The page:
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Migraine is normally the term used to describe a throbbing headache, that usually affects one side of the head often just above or behind the eye. It can be accompanied by a feeling of nausea or actual vomiting, which can sometimes relieve the headache.

Sometimes visual disturbances are noted preceding the headache e.g. sensitivity to bright light, or feeling of tunnel vision or it is simply painful to see and focus. These unpleasant headaches can be quite disabling lasting from a few hours to sometimes days. It has been found that in some people certain foods or rather the chemical in that food can trigger off a migraine attack.

The linings of the blood vessels are very sensitive to increased levels of certain chemicals in the blood stream and may spasm as a result, leading to the throbbing headache. These trigger foods should be recognized and avoided. If however they are consumed and early signs of a migraine commence, sometimes drinking plenty of water to dilute the chemicals in the blood stream can halt a full -blown attack.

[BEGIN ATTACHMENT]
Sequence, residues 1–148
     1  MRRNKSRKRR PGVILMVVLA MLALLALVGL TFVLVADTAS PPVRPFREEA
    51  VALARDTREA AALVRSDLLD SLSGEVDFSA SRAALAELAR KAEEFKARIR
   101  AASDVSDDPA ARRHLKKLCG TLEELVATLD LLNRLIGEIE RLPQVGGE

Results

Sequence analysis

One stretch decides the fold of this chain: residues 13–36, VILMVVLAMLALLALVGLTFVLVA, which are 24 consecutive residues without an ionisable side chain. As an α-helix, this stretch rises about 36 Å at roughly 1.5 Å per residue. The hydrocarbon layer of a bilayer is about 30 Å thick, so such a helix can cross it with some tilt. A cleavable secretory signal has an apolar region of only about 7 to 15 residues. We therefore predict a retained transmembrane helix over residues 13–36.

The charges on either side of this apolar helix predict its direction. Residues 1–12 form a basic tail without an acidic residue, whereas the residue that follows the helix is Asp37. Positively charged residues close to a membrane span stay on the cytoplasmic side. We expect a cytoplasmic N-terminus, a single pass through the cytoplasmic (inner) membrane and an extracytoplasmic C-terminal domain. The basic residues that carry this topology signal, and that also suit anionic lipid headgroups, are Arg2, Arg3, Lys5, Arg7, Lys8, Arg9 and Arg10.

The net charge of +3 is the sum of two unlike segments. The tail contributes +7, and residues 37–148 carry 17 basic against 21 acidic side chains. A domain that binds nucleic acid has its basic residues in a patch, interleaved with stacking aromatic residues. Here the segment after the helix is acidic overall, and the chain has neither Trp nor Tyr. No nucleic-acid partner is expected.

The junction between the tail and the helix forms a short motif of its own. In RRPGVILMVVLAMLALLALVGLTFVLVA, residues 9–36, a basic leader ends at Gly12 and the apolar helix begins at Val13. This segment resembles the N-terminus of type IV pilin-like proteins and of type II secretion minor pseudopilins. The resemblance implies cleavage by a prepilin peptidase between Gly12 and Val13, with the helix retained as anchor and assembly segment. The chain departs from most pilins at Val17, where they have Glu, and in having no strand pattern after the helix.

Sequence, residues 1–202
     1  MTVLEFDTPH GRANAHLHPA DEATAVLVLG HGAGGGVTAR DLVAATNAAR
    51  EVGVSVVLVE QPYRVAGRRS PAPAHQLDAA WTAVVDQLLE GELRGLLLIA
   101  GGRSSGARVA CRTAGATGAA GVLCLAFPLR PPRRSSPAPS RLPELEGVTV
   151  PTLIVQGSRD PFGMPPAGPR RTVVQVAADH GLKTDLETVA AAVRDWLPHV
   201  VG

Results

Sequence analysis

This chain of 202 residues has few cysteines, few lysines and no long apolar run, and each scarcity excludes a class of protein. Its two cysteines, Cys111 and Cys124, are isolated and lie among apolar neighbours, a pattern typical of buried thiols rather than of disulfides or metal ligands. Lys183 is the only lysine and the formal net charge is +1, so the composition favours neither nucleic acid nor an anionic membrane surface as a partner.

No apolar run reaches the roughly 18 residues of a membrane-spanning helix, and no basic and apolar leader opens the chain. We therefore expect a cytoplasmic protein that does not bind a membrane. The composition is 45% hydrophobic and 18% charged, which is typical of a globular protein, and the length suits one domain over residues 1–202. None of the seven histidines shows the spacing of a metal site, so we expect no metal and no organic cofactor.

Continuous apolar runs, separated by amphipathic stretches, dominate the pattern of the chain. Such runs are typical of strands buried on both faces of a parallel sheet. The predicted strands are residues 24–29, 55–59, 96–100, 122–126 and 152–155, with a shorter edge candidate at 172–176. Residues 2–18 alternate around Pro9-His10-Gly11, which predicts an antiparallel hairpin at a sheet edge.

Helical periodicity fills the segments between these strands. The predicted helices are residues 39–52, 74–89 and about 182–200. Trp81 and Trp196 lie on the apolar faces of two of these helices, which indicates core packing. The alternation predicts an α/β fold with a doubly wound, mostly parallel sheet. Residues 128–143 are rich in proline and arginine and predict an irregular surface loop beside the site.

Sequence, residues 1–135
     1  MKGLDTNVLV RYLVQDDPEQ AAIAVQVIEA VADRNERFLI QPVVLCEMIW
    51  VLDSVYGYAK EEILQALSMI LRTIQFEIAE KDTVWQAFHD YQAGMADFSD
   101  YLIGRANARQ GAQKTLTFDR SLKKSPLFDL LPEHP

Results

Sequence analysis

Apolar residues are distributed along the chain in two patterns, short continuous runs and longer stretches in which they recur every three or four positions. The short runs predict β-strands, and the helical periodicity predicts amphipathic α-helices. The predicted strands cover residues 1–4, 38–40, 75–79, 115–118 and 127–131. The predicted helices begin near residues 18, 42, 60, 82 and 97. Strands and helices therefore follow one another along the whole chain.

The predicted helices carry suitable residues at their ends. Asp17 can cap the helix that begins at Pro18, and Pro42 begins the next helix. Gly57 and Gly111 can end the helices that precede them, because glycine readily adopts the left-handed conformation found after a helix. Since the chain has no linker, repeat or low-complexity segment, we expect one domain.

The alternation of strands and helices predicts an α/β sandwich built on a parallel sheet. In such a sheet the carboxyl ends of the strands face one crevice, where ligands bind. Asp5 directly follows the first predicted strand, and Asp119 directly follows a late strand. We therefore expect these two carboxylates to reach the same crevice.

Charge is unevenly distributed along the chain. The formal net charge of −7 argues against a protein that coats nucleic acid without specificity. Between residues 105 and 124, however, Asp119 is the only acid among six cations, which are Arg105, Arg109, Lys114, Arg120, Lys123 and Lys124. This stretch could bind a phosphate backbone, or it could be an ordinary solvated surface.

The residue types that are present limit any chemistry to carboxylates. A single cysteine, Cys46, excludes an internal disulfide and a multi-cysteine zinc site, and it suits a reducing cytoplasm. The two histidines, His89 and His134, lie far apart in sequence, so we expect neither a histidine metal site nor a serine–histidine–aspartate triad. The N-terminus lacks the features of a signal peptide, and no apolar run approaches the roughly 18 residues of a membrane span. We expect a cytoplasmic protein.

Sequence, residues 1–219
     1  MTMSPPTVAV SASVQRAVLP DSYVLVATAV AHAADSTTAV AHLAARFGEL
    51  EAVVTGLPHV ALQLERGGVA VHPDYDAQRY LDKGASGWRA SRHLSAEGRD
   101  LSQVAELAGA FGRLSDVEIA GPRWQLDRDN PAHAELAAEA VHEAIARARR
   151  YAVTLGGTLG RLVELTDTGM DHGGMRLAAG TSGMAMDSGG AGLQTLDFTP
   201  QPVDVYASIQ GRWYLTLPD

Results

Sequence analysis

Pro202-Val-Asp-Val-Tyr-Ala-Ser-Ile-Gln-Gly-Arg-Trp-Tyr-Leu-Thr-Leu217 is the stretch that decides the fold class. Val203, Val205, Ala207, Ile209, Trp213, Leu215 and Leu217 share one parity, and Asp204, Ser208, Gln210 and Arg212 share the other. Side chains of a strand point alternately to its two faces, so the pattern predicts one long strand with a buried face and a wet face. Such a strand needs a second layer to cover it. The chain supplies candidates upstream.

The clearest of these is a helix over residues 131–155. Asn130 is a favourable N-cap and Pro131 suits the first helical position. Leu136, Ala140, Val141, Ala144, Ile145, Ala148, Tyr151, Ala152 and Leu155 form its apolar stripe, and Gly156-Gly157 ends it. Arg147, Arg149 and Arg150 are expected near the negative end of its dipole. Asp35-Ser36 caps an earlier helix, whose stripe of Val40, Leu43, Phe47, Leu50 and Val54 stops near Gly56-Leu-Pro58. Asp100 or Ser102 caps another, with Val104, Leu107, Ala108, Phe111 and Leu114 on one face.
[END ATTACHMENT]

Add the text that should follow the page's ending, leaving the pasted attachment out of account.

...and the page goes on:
It has been discovered recently that occasionally we take too many painkillers at the early stages of a headache and this leads to a raised blood level of similar chemicals that triggered the migraine in the first instance. However it is usually quite helpful to take a mild painkiller, such as aspirin or paracetamol, with plenty of water, and to perhaps rest your head for a short while to allow recovery to take place.

There are now several forms of prophylactics that can be taken on a regular basis to help prevent repeated attacks, these can be discussed with your G. P. Further information can be obtained from Migraine Action 01932 352468

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